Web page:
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My sand paper experience.

Discussion in 'Fit & Finish' started by Icho-, May 13, 2013.

  1. Icho-

    Icho- Staff Member

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    I've been getting a pretty good mirror finish on my blades but I wanted to go for as close to flawless as I can reasonably get. In the past I would go to 600 grit and buff. A while back I picked up some 1000 and 1200 grit from harbor freight tools in the states. I hand sanded like I have done in the past up to 600 grit then went with the 1000 and then 1200. The harbor freight sand paper sanded real nice but it felt like it was actually coarser than my 600 that I got at Canadian Tire a long time ago. After the 1200 I decided to buff. I was not happy with the finish at all. The finish on my past knives was actually way better. Sitting there looking at the blade I decided to go back to the Canadian Tire 600 and then buffed. It is now the best mirror finish I have got to date.

    I know you get what you pay for but wow. I don't know if I got a batch that was labled wrong or what. It seems to be the perfect grit to use just before I go with the better quality 600. The 1000 and 1200 from harbor freight has nice even texture and I may try to do a satin finish with it.

    I just thought I'd share my findings and to see if anyone else ran into this.
     
  2. stevebates

    stevebates Active Member

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    Icho, I get mirror finishes on my Stainless blades that are flawless (not one line on the blade). I sand to 600 before heat treat and after I sand 400, 600, 800, 1000, 1200, 1500, 2000, 2500 then VERY light buff with VERY little white compound. I have found in my experience is that if you want to achieve a flawless mirror finish the biggest trick is you MUST have all these grits from the same manufacturer. It's like buying a pair of shoes ths size 12 fits better than that size 12 there just not quite the same...lol!!! I buy my paper from eBay from Snyder abrasives simply because they have the same paper in assortment packs with all of these grits. I hope this helps!!!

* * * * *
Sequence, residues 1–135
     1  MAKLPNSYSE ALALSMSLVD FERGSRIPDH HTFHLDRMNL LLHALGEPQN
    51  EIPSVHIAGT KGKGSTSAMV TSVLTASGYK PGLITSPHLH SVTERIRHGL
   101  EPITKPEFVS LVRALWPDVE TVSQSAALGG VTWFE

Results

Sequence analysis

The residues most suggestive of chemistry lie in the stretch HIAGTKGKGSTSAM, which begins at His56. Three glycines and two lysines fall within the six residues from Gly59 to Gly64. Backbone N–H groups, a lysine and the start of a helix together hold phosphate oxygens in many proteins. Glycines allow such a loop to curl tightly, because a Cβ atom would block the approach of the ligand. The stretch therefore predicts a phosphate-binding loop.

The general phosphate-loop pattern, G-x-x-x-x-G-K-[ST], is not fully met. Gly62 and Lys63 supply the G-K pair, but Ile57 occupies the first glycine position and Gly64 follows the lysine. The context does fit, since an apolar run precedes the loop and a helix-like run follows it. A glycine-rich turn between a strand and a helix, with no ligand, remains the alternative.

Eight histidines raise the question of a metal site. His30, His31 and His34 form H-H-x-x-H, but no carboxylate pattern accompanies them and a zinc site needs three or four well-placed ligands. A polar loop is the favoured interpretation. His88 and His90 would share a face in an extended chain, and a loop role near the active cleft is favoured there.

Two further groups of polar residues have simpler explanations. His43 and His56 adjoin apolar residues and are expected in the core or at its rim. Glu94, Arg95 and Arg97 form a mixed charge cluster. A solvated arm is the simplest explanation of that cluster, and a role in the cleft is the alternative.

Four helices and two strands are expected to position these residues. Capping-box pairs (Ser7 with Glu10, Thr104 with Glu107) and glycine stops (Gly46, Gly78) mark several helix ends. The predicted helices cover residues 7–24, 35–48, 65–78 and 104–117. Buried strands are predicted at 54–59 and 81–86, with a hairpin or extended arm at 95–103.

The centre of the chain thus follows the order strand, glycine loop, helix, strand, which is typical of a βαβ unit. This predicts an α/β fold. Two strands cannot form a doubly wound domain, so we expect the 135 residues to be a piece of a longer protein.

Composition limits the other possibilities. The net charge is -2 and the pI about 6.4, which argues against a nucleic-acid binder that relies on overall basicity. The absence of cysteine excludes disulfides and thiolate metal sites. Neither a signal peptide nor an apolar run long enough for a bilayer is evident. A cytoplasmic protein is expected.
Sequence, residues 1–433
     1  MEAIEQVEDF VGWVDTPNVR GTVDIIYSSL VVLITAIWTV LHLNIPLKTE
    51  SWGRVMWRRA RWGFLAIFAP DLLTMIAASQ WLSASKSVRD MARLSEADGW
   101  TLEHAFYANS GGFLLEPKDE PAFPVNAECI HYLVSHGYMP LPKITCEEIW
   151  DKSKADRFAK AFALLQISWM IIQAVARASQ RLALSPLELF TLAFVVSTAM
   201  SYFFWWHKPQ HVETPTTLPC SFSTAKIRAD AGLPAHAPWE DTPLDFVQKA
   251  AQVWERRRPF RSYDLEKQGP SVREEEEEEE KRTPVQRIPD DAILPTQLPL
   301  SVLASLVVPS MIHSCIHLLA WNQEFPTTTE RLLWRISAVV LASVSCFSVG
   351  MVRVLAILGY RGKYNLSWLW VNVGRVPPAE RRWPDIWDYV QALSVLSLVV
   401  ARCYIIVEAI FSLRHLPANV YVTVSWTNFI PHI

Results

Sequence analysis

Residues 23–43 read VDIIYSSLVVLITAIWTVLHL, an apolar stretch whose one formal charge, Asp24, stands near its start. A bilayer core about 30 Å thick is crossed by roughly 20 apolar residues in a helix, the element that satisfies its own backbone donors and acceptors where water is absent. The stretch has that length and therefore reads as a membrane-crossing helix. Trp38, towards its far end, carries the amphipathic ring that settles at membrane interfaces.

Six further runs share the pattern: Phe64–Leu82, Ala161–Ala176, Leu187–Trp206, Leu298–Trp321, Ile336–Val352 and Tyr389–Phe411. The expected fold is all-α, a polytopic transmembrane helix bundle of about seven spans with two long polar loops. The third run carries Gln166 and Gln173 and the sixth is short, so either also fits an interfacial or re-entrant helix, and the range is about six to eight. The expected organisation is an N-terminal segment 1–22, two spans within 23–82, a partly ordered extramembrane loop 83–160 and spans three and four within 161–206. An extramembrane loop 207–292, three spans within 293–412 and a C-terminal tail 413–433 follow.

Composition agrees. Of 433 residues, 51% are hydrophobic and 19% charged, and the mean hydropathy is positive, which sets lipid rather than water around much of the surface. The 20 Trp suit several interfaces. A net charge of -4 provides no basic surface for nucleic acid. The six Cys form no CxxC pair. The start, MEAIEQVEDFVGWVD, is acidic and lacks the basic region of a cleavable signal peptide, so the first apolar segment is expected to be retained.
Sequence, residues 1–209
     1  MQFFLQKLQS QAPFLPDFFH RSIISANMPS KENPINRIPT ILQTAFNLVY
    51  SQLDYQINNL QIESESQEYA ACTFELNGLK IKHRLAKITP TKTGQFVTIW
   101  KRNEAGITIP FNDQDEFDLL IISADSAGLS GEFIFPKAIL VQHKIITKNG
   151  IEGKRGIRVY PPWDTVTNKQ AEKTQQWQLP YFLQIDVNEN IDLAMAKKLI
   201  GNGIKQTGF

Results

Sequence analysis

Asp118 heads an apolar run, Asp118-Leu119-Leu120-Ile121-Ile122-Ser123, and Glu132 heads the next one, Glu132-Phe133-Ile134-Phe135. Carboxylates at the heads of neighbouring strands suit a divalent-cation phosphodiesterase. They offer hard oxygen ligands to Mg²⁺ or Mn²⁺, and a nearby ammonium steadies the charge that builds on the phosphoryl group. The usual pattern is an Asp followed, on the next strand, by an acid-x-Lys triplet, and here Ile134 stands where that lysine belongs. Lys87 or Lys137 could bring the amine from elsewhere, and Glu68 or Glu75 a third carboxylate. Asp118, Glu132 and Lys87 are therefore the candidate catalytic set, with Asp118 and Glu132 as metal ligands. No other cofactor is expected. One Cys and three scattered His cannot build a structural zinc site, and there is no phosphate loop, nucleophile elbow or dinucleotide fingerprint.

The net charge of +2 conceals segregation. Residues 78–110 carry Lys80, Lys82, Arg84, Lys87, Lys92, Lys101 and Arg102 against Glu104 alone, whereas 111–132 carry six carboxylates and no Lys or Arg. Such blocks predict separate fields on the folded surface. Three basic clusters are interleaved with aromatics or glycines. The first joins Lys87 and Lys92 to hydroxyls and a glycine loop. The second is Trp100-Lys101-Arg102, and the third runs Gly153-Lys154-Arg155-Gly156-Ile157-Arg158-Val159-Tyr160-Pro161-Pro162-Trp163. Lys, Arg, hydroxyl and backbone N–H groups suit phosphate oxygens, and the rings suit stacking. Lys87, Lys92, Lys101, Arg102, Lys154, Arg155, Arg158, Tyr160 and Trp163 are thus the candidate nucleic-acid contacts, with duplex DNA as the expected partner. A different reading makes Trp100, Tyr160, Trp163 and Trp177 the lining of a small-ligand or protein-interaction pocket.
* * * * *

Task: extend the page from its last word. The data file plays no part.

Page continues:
3. Grayzer86

    Grayzer86 Active Member

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    The other thing to note is that the grits scales vary by country and manufacturer, a certain size such as 400 grit, is not necessarily the same as another companies. Also noteworthy is that XXX grit and pXXX are not the same thing. Xs used in place of numbers just to clarify.
     
  4. metal99

    metal99 Member

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    I've been in the auto body trade for 12 years now and have come across that before. It seems like the cheaper paper has a more uneven structure then the more expensive stuff. I have had good luck with the norton black ice wet dry paper. It's pricy but I think it's money we'll spent. The norton 600 grit is finer then the 3m 600 grit that I have. The minimum I go before buffing is 1200. I have also found that using oil with it makes for a finer more even finish.
     
  5. Grayzer86

    Grayzer86 Active Member

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    I have never tried oil but i use windex for my hand sanding. Seems to keep the paper from plugging and keeps it cutting longer too. I have stuck with that just because i felt that oil would leave a film and be messier to work with, never tried oil though. Currently i use mostly 3M paper but may try Rynowet Redline sandpaper since it seems to get a lot of praise on other forums. Another tip from Nick Wheeler is "use your sandpaper like its free". A new piece is cheap compared to wasting time with a piece that is worn or plugged.
     
  6. skookumrob

    skookumrob New Member

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    This chart should help you with the differences in grit... The most common (including Klingspor) is to use the "FEPA P" rating system:

    [​IMG]
     
  7. Grayzer86

    Grayzer86 Active Member

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    Thats the chart i was looking for, i had seen it somewhere but could not remember where I had found it
     
  8. Icho-

    Icho- Staff Member

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    Thanks for all the input guys. I think the chart also explains why the harbor freight 1000 seems coarser than the canadian tire 600. I definately have to invest in some descent quality fine grits. I really do like the harbor freight 1200 as a pre 600 grit because it does a great job at taking out scratches that I may have missed with the 400 but leaves a really nice fine and even finish.

    I usually use varsol and I even kind of like just plain old water with some of the sand papers I have. I will also sneak some windex into the garage and give it a try cause that sounds interesting.
     

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